Messaging systems like Queues, Streams and Pub/Sub Events are another method of facilitating communication. Messaging systems allow you to decouple your services. The service(s) consuming messages does not need be aware of producers. Consumers just need to understand the format of the message. The coupling is no longer between producers and consumers. The coupling is now between services and the messaging systems they rely on. So, the downside is that if you use a managed platform you will have some level of vendor lock-in.
Service discovery is a core part of a Microservice architecture. In traditional Microservice systems, service tracks what services exist and their location. This allows clients to find the services they need to communicate with.
So what does Service Discovery look like in a Serverless system? There isn’t a definitive answer for this. Serverless systems need to discover service interfaces like SNS events and API Gateway endpoints. You can do this dynamically using the AWS SDK or statically using DNS or CloudFormation.
But there is more to consider. How do you configure this? How do you limit access to certain services? Right now you need to solve these issues yourself. But in the future, tools should help solve some of these issues.
Serverless systems are distributed by design. Distributed computing is difficult.
Data is distributed across many stores, leaving you with hard choices. The CAP theorem states that for a distributed system you cannot provide the following simultaneously:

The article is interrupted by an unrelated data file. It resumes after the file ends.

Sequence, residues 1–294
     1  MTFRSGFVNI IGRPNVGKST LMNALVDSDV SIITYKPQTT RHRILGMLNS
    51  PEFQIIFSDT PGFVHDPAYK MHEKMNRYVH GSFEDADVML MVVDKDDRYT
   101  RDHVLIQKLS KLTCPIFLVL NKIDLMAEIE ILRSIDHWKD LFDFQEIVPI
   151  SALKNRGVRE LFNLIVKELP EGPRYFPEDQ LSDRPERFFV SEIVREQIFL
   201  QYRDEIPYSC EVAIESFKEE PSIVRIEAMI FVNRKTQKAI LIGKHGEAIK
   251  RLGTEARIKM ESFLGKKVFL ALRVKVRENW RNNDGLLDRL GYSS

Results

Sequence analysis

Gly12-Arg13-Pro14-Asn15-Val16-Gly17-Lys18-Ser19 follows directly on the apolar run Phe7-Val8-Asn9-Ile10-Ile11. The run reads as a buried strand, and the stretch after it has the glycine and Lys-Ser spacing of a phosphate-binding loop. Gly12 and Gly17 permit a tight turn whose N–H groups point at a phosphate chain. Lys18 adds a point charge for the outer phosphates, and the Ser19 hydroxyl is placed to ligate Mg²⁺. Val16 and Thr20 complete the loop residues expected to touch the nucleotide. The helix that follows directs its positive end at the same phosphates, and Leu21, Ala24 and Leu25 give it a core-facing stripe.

Consistency — reads receive the most recent write or error
Availability — every request receives a response
Partition tolerance — the system operates even in the event of a network failure
On top of this, function calls occur across the network instead of in process. The reliability you are accustomed to no longer exists.
If you are already building Microservices, these problems will be familiar. But if not, you will have to learn how to handle these issues. You will need to learn about distributed transactions and consistency checks.
I was recently told to print the fallacies of distributed computing and stick it to a wall, it’s good advice. Prepare for failure and you won’t be surprised when failures occur.
Multi-Cloud architectures are not common. The only server based Multi-Cloud architecture I am aware of Auth0. Auth0 operates across AWS, Azure and GCP. Designing a server based cross cloud architecture has many challenges and risks.
There are two distinct reasons for adopting a Multi-Cloud Architecture. The first is to leverage the best services from each provider. The second is to improve availability and for redundancy.